Home > Israel > Where Are All of the Moderate Muslims? This Past Weekend They Were In Chicago

Where Are All of the Moderate Muslims? This Past Weekend They Were In Chicago

July 5, 2011

This Saturday, I was lucky enough to be guided around the Bazaar at the Convention of ISNA, the Islamic Society of North America. The convention was held at the Donald E. Stephens Convention Center near O’Hare. This is the largest convention center in Illinois after Chicago’s gargantuan McCormick Place.

My guide was a new friend, Eiman, who was kind enough to offer to act as my tour guide (along with two of his children) to the Exhibition Floor:  the Bazaar. As we entered the exhibition hall, “Bazaar” was the perfect descriptor.  We were bombarded with a cacophony of energy with hundreds of people wending their way through the narrow aisles between rows of convention booths.  The variation of wares, clothing and people represented the diversity of the growing Muslim population here in the US.  There were goods of all sizes and shapes being sold including saffron and cerulean saris, books and tapes of the Quran and related Islamic topics, and even a singer personally autographing her CD’s.  Other booths represented the collision of ancient religious practices with the realities of 21st Century life:  halal meat providers, Islamic bankers/financiers who have figured out how to lend money within the restrictions of Islamic law which prohibits payment of interest, and the producers of a new feature-length documentary about some Muslim high school football players in Dearborn, MI dealing with the realities of being Arab-American teenagers and including maintaining their faith during Ramadan while facing opponents on the field (check out info on “Fordson”, here http://www.fordsonthemovie.com/).  Finally, there were booths related to charities and the related concept of Zakat (very similar to the Jewish principle of Tzedukah).  While there have been examples of the use of Islamic charities as a cover for funneling money to terrorist groups – and that is obviously a concern – that should not tar all Islamic charities with the same brush.  Few can argue with at least one project represented:  one of the most prominent signs in the entry way requested attendees to sign up for the National Bone Marrow Registry in memory of Bilal, a seventeen year old boy whose life was lost because of the lack of a matching donor.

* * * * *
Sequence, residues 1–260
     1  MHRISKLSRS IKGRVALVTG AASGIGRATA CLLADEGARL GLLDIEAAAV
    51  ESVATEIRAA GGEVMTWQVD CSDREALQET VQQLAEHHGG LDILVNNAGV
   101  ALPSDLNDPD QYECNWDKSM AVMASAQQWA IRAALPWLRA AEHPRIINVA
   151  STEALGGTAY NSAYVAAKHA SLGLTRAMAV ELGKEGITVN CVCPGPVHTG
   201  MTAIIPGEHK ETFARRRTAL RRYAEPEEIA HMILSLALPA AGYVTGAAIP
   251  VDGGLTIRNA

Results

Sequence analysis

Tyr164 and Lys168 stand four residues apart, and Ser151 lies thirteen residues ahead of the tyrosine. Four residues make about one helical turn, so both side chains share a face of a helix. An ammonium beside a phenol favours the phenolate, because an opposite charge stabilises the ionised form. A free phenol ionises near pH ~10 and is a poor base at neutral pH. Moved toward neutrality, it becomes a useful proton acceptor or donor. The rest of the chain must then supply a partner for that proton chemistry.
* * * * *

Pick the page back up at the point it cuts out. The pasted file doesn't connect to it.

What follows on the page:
Some people on the internet have described this convention as a meeting of radical extremists, terrorists and other trying to bring Sharia law to the United States.  While one can never know what thoughts and motives lie behind anyone’s outer appearance, it sure didn’t look that way to me.  What I saw was hundreds of middle class Americans trying to see what items were available that related to their religion and cultures.  And when I say “cultures” with an “s”, there were people there that represented a rainbow of cultures from Arabian to Pakistani-Indian to African dressed in a similar array of outfits that spanned the globe from women hidden under black burkas to many women wearing modern, colorful headscarves to young men with t-shirts and jeans.  If you want to learn more about the Convention and get a flavor of it, you can check out the convention program here to understand what the conference sessions were all about and actually see highlights from the Convention at the ISNA website here.

Eiman explained to me that as the son of Egyptian PhD professors, he is now a leader in the Chicago community trying to handle one of the primary, universal issues that has confronted all second generation immigrants to America:  How to embrace the best of American economic and cultural opportunities, while somehow making sure that the third generation still retains ties to the old religion, culture and values.

Location:Chicago, IL

Categories: Israel
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